Caroline K. didn’t have any experience as a caregiver when she first applied for a job at Help at Home in Columbus, Ohio. But she immediately excelled at it.
“I’m a very caring person by nature and I’ve also been very sick myself in life,” she said. “I knew the things I would want people to do for me and now I can do those things for someone else.”
Caroline said the key to success as a caregiver is respecting the client.
“I look at it this way,” she said. “When you are a caregiver, you are deep into someone’s life. You are seeing them in moments of weakness. You have to be very kind, very respectful. You have to be empathetic.”
Caroline learned from personal experience what caregiving means
Professional caregiving does not require medical training, but caregivers provide a vital role in a cilent’s overall health. In-home caregivers may help with household chores, errands and personal care – the small but vital tasks that allow someone to keep living at home. Caregivers often have valuable experience helping an aging parent, a sick relative, or even being a patient themselves.
Caroline understands the needs of the client because she has had health challenges. Years ago, Caroline was very weak after a kidney-related surgery. She was grateful that people helped her, but she also sometimes felt subtly disrespected. Some caregivers seemed to think that because she was physically weak, she was mentally weak. They thought it must not matter to her if she liked how her food was cooked or if her ideas were heard.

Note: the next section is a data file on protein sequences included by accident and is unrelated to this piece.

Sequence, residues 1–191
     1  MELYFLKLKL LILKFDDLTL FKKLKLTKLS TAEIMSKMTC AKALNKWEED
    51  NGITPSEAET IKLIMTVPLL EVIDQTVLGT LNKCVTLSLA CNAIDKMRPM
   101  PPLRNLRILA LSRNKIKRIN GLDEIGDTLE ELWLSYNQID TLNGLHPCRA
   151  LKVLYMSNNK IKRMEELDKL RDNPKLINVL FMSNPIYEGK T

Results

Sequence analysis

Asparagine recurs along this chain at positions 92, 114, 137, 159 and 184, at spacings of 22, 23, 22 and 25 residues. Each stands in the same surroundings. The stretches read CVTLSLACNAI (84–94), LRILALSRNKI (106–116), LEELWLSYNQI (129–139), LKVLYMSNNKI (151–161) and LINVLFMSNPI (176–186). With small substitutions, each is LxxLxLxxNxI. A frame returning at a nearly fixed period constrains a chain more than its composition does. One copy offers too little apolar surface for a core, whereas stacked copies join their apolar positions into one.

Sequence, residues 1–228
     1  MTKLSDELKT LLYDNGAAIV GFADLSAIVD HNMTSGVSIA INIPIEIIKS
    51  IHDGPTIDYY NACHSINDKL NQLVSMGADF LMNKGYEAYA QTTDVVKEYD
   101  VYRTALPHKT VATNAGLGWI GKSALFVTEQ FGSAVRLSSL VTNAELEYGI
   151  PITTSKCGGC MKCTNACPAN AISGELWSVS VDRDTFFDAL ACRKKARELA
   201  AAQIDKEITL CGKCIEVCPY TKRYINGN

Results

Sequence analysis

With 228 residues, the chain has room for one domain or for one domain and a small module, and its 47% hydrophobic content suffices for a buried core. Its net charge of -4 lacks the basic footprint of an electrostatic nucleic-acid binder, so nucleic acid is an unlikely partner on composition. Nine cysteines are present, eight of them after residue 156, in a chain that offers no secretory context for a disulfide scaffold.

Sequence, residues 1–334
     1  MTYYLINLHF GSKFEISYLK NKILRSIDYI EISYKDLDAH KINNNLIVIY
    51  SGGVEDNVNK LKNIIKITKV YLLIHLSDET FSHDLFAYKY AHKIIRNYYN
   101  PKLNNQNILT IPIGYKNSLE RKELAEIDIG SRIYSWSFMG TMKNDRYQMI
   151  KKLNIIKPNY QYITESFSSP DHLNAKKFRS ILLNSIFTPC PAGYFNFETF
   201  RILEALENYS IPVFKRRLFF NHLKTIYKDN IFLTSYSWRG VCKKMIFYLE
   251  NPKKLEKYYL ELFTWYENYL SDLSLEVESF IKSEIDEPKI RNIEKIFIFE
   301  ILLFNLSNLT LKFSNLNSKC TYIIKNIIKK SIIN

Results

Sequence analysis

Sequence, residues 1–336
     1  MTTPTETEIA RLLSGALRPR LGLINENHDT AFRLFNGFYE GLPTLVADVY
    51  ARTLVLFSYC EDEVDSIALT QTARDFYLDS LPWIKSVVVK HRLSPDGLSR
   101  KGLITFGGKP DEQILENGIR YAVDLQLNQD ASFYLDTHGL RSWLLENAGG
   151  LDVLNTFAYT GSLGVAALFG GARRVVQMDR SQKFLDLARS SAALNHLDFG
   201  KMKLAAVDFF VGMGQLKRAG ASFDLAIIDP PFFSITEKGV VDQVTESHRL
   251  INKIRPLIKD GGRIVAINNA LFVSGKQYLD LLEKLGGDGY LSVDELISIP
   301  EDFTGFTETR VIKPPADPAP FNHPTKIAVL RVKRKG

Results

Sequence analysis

Now Caroline draws on that personal experience to be a better caregiver for her clients. At Help at Home, she said the client is always respected.
“I respect the client. I respect their space,” she said. “I’m in their home. I need to handle things how they want them to be handled.”
She asks “Would you prefer tea or coffee? Cold water or warm? Are you comfortable or would you like to be turned more in the bed?” Sometimes, she said, it’s good to ask “what hurts today?” You might learn that the thing that is bothering them most is something with a simple solution.
She has one client who always prefers to drink water from a glass that has been stored in the fridge so that the glass is cold to the touch. Some clients want milk in their scrambled eggs – others want a little cheese. And they might change their mind from day to day. So she always asks!
Caroline’s passion for a caregiving career comes from enjoying finding solutions
Caroline said that she values being a bright spot in the day for clients that might feel like their life has gotten a lot smaller.
They may no longer be able to do some favorite activities. They may feel like their family treats them differently now that their health is worse. They may have lost a spouse. “They may be struggling with finances,” Caroline said. “They may feel like everything is failing.”
This might sound sad, but the joy is in being able to make them feel better.
“Are you going to be a part of the problem or part of the solution?” Caroline said. “I very much want to be part of the solution for them.”
Every day, she looks for ways to bring moments of comfort and joy – such as a meal cooked just the way they like.
“I find a lot of joy when you can do one thing that works,” she said. “Whatever makes them happy, that works for me.”
She said that she thinks of the client and her coworkers at Help at Home as one big team. When she makes a client smile, that’s good news. “My team has won today!” she said.